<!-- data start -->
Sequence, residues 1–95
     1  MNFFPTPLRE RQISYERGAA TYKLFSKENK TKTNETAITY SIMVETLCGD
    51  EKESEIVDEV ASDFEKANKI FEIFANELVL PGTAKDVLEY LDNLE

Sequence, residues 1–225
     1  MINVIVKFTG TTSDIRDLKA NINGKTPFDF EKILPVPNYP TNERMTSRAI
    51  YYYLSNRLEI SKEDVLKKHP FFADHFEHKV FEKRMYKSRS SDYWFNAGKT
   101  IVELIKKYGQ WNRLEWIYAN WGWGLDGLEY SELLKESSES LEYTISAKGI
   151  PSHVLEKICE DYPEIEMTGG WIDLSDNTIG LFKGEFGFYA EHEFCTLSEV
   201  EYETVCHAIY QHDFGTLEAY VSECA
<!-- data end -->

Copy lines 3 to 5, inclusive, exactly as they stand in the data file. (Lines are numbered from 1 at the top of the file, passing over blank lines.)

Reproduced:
    51  EKESEIVDEV ASDFEKANKI FEIFANELVL PGTAKDVLEY LDNLE

Sequence, residues 1–225
     1  MINVIVKFTG TTSDIRDLKA NINGKTPFDF EKILPVPNYP TNERMTSRAI